Welcome to The Coffee Shop, just for you early risers
on Monday mornings. This is an Open Thread forum,
so if you have an off-topic opinion burning a hole in
your brainpan, feel free to add a comment.
If there is magic on this planet,
it is contained in water.
– Loren Eiseley
World Water Day has been held on March 22 annually since 1993, to celebrate water, and to raise awareness of the global clean water crisis: 2.2 billion people live without access to safe water.
Water. After air, the element most essential to our lives. Oceans cover over 70% of the earth’s surface but, as Samuel Taylor Coleridge’s Ancient Mariner of the long grey beard and glittering eye tells us, it’s
Water, water, every where,
Nor any drop to drink.
making fresh drinkable water a far more precious element than gold or diamonds.
Water is never truly still. It ripples, froths, drifts, tumbles, waves, crashes, spatters, trickles, seeps, floods, gushes, flows and overflows. It changes from liquid to vapor to ice, to every state in between, and back again.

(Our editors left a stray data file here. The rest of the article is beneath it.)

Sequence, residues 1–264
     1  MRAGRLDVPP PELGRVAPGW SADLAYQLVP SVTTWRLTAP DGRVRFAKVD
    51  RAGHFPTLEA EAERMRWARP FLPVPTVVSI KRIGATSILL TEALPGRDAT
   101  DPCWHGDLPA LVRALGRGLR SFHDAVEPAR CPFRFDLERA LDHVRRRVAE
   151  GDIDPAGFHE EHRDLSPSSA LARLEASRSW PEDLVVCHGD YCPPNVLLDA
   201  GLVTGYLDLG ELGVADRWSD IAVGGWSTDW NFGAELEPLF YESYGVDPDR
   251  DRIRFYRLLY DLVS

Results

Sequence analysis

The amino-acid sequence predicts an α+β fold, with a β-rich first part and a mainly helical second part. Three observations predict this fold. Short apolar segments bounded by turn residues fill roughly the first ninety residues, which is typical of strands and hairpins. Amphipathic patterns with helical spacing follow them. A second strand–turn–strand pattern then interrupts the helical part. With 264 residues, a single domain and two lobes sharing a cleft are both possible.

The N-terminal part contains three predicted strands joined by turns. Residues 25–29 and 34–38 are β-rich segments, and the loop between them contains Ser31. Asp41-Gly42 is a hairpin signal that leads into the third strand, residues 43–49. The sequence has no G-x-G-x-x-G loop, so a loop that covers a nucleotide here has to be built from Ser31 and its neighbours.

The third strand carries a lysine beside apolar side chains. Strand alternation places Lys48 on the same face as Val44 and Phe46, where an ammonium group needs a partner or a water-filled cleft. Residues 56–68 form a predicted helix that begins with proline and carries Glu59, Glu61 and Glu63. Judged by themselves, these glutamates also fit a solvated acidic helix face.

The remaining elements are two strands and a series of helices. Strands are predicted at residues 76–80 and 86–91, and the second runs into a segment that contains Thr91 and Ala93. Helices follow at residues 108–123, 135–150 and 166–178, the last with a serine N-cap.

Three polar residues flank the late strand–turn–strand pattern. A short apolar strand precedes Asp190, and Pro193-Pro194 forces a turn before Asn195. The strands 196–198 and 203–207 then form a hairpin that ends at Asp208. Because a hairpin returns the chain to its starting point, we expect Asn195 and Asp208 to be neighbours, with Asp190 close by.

Water is the fundamental element we are most akin to: humans are 60% water. Something to mull over as you sip your next glass of water.
I was born in desert country which taught me to never take water for granted. Wendell Berry’s poem tells us how drought shapes everything, even who a child will become.
by Wendell Berry
I was born in a drouth year. That summer
my mother waited in the house, enclosed
in the sun and the dry ceaseless wind,
for the men to come back in the evenings,
bringing water from a distant spring.
veins of leaves ran dry, roots shrank.
And all my life I have dreaded the return
of that year, sure that it still is
somewhere, like a dead enemys soul.
Fear of dust in my mouth is always with me,
and I am the faithful husband of the rain,
I love the water of wells and springs
and the taste of roofs in the water of cisterns.
I am a dry man whose thirst is praise
of clouds, and whose mind is something of a cup.
My sweetness is to wake in the night
after days of dry heat, hearing the rain.
“Water” by Wendell Berry, from The Ecopoetry Anthology, Trinity University Press, 2013